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Fort Monroe, Virginia (also known as Fortress Monroe) is a military installation located at Old Point Comfort on the tip of the Virginia Peninsula at the mouth of Hampton Roads on the Chesapeake Bay in eastern Virginia in the United States.
In 1634, the area became part of Elizabeth River Shire, and was included in Elizabeth City County when it was formed in 1643. The area including Fort Monroe became part of the independent city of Hampton when Elizabeth City County and the Town of Phoebus agreed to consolidate with Hampton in 1952.
Fort Monroe was completed in 1834, and is named in honor of U.S. President James Monroe. Completely surrounded by a moat, the six-sided stone fort is the only one of its kind left in the United States.
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In 1609, Captain John Smith and the colonists of the Virginia Company who established the Jamestown Settlement on the James River in 1607 recognized the strategic importance of the site for purposes of coastal defense and built Fort Algernourne at the location of the present Fort Monroe. Throughout the Colonial period, fortifications were manned at the location from time to time.
Early 19th century
Following the War of 1812, the United States again came to realize the importance of protecting Hampton Roads and the inland waters from attack by sea, and construction was begun in 1819 on what would become the largest stone fort ever built in the United States. The fort features a moat completely surrounding the inner structures. As a young 1st Lieutenant and engineer, Robert E. Lee was stationed there from 1831 to 1834, and played a major role in the final construction of both Fort Monroe and its opposite, Fort Calhoun, later renamed Fort Wool, a man-made island across the navigational channel from Old Point Comfort in the middle of the mouth of Hampton Roads.
When construction was completed in 1834, Fort Monroe was referred to as the "Gibraltar of Chesapeake Bay." The fort accomplished this mission by mounting an impressive complement of the most powerful artillery of the time, 32-pounder guns with a range of over one mile. In conjunction with Fort Calhoun (later Fort Wool), this was just enough range to cover the main shipping channel into the area.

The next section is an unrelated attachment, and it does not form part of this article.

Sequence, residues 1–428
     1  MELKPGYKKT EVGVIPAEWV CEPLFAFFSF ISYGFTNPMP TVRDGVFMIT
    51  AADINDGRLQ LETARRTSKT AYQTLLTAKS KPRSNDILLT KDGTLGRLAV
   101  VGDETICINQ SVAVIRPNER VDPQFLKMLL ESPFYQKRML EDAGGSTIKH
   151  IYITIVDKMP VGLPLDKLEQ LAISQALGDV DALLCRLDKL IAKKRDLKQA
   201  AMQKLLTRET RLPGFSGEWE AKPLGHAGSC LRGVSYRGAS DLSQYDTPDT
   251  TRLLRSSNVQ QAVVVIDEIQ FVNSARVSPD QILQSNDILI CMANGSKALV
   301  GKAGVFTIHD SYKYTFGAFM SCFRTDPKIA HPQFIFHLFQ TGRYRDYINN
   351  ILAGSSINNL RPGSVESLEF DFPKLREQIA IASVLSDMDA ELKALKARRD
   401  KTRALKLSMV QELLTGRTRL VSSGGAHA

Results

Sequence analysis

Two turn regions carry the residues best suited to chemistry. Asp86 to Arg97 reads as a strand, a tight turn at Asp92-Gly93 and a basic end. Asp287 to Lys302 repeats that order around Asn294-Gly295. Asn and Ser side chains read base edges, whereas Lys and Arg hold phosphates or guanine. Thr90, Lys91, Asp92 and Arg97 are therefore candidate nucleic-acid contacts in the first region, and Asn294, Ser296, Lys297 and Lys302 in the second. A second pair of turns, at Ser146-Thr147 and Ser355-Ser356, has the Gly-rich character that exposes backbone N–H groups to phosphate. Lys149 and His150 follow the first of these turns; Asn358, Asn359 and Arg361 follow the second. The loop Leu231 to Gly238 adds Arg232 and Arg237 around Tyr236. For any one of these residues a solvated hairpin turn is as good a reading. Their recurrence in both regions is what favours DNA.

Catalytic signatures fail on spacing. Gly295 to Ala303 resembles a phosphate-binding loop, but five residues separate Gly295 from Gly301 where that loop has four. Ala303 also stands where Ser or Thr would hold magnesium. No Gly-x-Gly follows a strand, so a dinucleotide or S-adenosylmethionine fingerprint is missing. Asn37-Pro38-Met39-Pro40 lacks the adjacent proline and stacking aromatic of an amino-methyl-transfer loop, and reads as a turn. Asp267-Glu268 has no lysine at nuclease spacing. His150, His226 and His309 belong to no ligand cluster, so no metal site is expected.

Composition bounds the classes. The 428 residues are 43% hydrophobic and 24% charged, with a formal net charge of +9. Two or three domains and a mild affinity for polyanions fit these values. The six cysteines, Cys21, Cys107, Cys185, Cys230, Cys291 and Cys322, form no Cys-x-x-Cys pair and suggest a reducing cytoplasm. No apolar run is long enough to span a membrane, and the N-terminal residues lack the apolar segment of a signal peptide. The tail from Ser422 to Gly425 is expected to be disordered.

American Civil War
Fort Monroe played an important role in the American Civil War. On December 20, 1860, South Carolina became the first state to secede from the Union. Four months later, on April 12, 1861, troops of that state opened fire on Fort Sumter in Charleston's harbor. Five days later, Virginia became the eighth Southern state to withdraw from the Union, and join the newly formed Confederacy.
President Abraham Lincoln had Fort Monroe quickly reinforced so that it would not fall to Confederate forces. It was held by Union forces throughout the Civil War and several sea and land expeditions were launched from there by Union forces.
A few weeks after the Battle of Fort Sumter in 1861, US General-in-Chief Winfield Scott proposed to President Lincoln a plan to bring the states back into the Union: cut the Confederacy off from the rest of the world instead of attacking its army in Virginia. His plan was to blockade the Confederacy's coastline and control the Mississippi River valley with gunboats. In cooperation with the Navy, troops from Fort Monroe extended Union control along the coasts of the Carolinas as Lincoln ordered a blockade of the southern seaboard from the South Carolina line to the Rio Grande River on April 19, and on April 27 extended it to include the North Carolina and Virginia coasts.
On April 20 the Union Navy burned and evacuated the Norfolk Navy Yard, destroying nine ships in the process, leaving only Fort Monroe at Old Point Comfort as the last bastion of the United States in Tidewater Virginia. Occupation of Norfolk gave the Confederacy its only major shipyard and thousands of heavy guns, but they held it for only one year. CS Brigadier General Walter Gwynn, who commanded the Confederate defenses around Norfolk, erected batteries at Sewell's Point, both to protect Norfolk and to control Hampton Roads.
The Union dispatched a fleet to Hampton Roads to enforce the blockade, and in 1861 on May 18 and May 19, federal gunboats based at Fort Monroe exchanged fire with the Confederate batteries at Sewell's Point. The little-known Battle of Sewell's Point resulted in little damage to either side. Several land operations against Confederate forces also were mounted from the fort, notably the Battle of Big Bethel in June 1861.
Fort Monroe is also the place at which, on May 27, 1861, Major General Benjamin Butler made his famous contraband decision, by which escaping slaves reaching Union lines would not be returned to bondage. The order resulted in waves of enslaved people fleeing to Union lines around Fort Monroe, which was Butler's headquarters in Virginia.
In March 1862, the naval Battle of Hampton Roads took place off Sewell's Point between the first ironclad warships, CSS Virginia and USS Monitor. While the outcome was inconclusive, the battle marked a change in naval warfare and the end to wooden fighting ships.